Federal Register Notice document 04-28004 was published originally in the Federal Register of Wednesday, December 22, 2004 at 69 FR 76778. The document published was a duplicate of document 04-28001. The corrected document is published in its entirety.
National Park Service, Interior.
Notice is here given in accordance with the Native American Graves Protection and Repatriation Act (NAGPRA), 25 U.S.C. 3005, of the intent to repatriate cultural items in the possession of the American Museum of Natural History, New York, NY, that meet the definition of “sacred objects” under 25 U.S.C. 3001.
This notice is published as part of the National Park Service's administrative responsibilities under NAGPRA, 25 U.S.C. 3003 (d)(3). The determinations in this notice are the sole responsibility of the museum, institution, or Federal agency that has control of these cultural items. The National Park Service is not responsible for the determinations in this notice.
The 9 cultural items are 3 inscribed birch bark rolls, 2 rattles, 1 beaded ceremonial bag, 1 fawn skin bag, 1 food fungus, and 1 black dye.
The Mide bark song roll is oblong with rounded ends and measures 45 x 8 x 0.5 cm. The Mide bark roll is rectangular, measuring 34 x 24 x 5 cm and is inscribed with the figure of a man. The medicine bark roll is rectangular and measures 36 x 26 x 2 cm. The birchbark rattle has a cylindrical head painted with a blue stripe that is attached to a wooden handle. The doctor's rattle consists of a circular wooden frame covered with hide. The ceremonial bag is a bandolier¯type bag beaded in a floral motif and has a fringed bottom. The base of the shoulder strap also contains the beaded image of a man and two horses. The fawn skin bag is used to hold wild rice. The fungus is a black food fungus. The black dye has been identified by a Bois Forte representative as vermilion.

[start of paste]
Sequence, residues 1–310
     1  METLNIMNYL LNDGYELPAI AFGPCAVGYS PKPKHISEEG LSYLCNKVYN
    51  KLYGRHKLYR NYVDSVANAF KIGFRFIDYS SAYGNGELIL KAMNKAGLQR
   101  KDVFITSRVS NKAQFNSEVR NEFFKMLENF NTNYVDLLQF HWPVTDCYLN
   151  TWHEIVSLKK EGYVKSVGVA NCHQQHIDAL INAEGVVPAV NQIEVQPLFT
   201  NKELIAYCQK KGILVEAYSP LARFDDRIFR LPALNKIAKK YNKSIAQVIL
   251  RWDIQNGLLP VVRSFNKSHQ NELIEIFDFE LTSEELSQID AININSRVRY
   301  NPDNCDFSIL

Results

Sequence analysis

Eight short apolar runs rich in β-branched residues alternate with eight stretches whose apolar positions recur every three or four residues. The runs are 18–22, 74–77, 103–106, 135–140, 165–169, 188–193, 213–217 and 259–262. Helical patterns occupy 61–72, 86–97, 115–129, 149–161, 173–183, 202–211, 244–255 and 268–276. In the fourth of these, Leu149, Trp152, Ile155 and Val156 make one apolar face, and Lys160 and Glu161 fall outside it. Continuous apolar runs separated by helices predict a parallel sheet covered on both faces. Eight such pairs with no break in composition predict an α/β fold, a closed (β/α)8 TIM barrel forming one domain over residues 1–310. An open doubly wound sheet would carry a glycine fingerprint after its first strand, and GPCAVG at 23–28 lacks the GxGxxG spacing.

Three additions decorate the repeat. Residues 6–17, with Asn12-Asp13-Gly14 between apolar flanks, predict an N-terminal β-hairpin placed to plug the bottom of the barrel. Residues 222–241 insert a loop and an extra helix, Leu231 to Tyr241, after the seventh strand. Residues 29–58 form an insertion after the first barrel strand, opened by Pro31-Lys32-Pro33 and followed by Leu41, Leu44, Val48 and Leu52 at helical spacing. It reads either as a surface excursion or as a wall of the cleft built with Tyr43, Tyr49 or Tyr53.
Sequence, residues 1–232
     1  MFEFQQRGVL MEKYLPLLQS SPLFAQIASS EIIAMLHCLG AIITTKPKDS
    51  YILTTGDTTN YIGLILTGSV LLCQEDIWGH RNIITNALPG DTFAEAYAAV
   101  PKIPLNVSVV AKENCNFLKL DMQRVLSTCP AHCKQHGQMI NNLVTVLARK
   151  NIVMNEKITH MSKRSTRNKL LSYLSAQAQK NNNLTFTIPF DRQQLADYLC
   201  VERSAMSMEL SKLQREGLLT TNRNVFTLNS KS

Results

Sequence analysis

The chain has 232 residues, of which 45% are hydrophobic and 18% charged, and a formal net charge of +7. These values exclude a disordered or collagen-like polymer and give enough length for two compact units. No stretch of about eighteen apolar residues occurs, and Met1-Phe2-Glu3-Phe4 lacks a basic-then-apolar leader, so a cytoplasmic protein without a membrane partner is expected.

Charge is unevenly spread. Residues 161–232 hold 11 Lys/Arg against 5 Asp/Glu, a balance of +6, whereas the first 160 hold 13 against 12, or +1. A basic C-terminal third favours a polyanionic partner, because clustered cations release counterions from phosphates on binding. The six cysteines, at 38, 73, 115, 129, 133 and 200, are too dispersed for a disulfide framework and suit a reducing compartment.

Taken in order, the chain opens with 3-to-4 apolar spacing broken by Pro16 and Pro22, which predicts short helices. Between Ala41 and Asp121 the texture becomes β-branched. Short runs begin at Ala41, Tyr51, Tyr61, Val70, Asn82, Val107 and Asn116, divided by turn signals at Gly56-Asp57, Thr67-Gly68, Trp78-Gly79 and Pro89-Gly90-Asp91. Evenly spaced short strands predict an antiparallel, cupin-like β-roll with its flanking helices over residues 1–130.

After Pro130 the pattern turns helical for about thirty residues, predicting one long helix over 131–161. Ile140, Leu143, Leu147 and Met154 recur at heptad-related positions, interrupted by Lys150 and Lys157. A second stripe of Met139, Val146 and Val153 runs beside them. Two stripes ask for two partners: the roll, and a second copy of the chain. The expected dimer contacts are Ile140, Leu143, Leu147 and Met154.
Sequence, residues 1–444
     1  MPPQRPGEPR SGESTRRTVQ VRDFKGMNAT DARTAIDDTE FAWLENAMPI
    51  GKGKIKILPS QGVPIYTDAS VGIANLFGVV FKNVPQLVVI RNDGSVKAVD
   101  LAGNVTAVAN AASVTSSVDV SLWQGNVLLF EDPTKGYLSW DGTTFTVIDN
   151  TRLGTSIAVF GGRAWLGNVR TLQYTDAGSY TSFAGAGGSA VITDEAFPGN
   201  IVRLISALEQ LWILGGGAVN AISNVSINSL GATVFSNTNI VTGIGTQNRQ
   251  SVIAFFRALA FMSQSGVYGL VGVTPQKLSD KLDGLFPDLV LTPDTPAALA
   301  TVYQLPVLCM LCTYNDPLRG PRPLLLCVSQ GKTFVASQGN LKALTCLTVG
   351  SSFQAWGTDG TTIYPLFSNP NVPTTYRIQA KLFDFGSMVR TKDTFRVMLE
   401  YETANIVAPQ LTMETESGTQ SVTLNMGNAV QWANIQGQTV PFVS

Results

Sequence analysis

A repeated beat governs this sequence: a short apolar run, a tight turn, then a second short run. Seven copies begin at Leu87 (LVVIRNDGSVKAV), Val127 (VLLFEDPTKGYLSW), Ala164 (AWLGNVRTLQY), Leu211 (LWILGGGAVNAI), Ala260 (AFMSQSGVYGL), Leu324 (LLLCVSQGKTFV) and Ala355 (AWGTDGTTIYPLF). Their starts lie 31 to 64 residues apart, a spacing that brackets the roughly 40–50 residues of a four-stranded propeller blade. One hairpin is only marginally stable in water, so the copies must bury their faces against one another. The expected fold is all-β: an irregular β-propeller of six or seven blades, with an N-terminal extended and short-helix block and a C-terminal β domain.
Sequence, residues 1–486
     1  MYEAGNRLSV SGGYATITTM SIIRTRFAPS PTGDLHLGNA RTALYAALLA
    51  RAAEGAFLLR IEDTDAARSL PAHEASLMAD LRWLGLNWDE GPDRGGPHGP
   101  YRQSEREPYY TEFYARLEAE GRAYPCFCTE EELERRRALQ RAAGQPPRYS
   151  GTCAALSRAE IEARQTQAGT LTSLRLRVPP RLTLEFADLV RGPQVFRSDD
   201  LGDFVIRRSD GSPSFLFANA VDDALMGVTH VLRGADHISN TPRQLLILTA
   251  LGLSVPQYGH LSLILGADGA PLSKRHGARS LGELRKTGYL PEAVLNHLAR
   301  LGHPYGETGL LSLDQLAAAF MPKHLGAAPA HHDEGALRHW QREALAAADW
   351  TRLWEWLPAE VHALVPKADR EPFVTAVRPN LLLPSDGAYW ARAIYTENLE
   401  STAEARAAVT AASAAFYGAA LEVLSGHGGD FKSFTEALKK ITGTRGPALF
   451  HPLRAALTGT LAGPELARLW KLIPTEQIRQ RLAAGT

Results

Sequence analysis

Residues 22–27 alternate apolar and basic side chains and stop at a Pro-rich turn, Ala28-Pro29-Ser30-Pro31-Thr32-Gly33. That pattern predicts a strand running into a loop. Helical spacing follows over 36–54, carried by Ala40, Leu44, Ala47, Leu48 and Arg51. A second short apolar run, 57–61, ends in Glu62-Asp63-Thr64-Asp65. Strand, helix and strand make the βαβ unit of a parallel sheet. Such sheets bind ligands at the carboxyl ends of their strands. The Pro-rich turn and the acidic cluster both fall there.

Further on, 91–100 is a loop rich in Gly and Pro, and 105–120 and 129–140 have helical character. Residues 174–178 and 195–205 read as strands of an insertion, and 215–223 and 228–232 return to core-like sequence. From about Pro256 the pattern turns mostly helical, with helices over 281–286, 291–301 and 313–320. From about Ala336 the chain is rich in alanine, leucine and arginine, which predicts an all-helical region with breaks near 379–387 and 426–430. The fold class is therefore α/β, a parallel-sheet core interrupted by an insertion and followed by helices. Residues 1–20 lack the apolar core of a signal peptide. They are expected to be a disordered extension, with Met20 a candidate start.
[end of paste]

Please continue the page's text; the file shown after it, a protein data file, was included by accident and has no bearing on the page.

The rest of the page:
In 1903, William Jones acquired the cultural items from the Bois Forte Indian Reservation in Minnesota during an American Museum of Natural History funded expedition. The Museum accessioned the cultural items into its collection the same year.
The cultural affiliation of the cultural items is Bois Forte (Nett Lake) Band of the Minnesota Chippewa Tribe as indicated by Museum records and by consultation evidence presented by the Bois Forte (Nett Lake) Band of the Minnesota Chippewa, Minnesota. Museum records indicate that the cultural items are Ojibway and that they were acquired from the Bois Forte Indian Reservation in Minnesota.
Officials of the American Museum of Natural History have determined that, pursuant to 25 U.S.C. 3001, (3)(C), the cultural items are specific ceremonial objects needed by traditional Native American religious leaders for the practice of traditional Native American religions by their present¯day adherents. Officials of the American Museum of Natural History also have determined that, pursuant to 25 U.S.C. 3001 (2), there is a relationship of shared group identity that can be reasonably traced between the sacred objects and the Bois Forte (Nett Lake) Band of the Minnesota Chippewa Tribe, Minnesota.
Representatives of any other Indian tribe that believes itself to be culturally affiliated with these sacred objects should contact Nell Murphy, Director of Cultural Resources, American Museum of Natural History, Central Park West at 79th Street, New York, NY 10024, telephone (212) 769¯5837, before January 21, 2005. Repatriation of the sacred objects to the Bois Forte (Nett Lake) Band of the Minnesota Chippewa Tribe, Minnesota may proceed after that date if no additional claimants come forward.
The American Museum of Natural History is responsible for notifying Bois Forte (Nett Lake) Band of the Minnesota Chippewa, Minnesota, and the Minnesota Chippewa Tribe, Minnesota that this notice has been published.Start Signature
Dated: November 16, 2004.
Manager, National NAGPRA Program.
[FR Doc. R4-28004 Filed 1-6-05; 8:45 am]
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